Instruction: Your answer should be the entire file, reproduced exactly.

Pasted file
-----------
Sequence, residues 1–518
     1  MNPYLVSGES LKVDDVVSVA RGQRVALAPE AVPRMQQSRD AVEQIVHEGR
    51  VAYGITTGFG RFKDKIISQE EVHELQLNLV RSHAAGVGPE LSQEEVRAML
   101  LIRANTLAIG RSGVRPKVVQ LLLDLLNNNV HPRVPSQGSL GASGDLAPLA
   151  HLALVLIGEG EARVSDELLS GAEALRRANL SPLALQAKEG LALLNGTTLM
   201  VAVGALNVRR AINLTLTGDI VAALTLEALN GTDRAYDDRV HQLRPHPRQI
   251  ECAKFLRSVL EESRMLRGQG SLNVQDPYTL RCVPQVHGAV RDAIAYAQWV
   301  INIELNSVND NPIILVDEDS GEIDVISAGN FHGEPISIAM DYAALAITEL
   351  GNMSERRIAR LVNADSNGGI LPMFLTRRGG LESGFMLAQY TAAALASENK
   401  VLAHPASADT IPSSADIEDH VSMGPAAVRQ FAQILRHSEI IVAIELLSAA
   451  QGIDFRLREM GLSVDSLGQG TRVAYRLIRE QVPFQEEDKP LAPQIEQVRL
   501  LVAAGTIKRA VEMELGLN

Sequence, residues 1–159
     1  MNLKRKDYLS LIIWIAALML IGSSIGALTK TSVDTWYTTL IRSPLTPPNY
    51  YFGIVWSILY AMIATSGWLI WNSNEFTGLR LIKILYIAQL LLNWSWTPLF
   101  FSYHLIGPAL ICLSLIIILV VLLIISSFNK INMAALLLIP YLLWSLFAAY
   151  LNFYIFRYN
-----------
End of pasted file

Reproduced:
Sequence, residues 1–518
     1  MNPYLVSGES LKVDDVVSVA RGQRVALAPE AVPRMQQSRD AVEQIVHEGR
    51  VAYGITTGFG RFKDKIISQE EVHELQLNLV RSHAAGVGPE LSQEEVRAML
   101  LIRANTLAIG RSGVRPKVVQ LLLDLLNNNV HPRVPSQGSL GASGDLAPLA
   151  HLALVLIGEG EARVSDELLS GAEALRRANL SPLALQAKEG LALLNGTTLM
   201  VAVGALNVRR AINLTLTGDI VAALTLEALN GTDRAYDDRV HQLRPHPRQI
   251  ECAKFLRSVL EESRMLRGQG SLNVQDPYTL RCVPQVHGAV RDAIAYAQWV
   301  INIELNSVND NPIILVDEDS GEIDVISAGN FHGEPISIAM DYAALAITEL
   351  GNMSERRIAR LVNADSNGGI LPMFLTRRGG LESGFMLAQY TAAALASENK
   401  VLAHPASADT IPSSADIEDH VSMGPAAVRQ FAQILRHSEI IVAIELLSAA
   451  QGIDFRLREM GLSVDSLGQG TRVAYRLIRE QVPFQEEDKP LAPQIEQVRL
   501  LVAAGTIKRA VEMELGLN

Sequence, residues 1–159
     1  MNLKRKDYLS LIIWIAALML IGSSIGALTK TSVDTWYTTL IRSPLTPPNY
    51  YFGIVWSILY AMIATSGWLI WNSNEFTGLR LIKILYIAQL LLNWSWTPLF
   101  FSYHLIGPAL ICLSLIIILV VLLIISSFNK INMAALLLIP YLLWSLFAAY
   151  LNFYIFRYN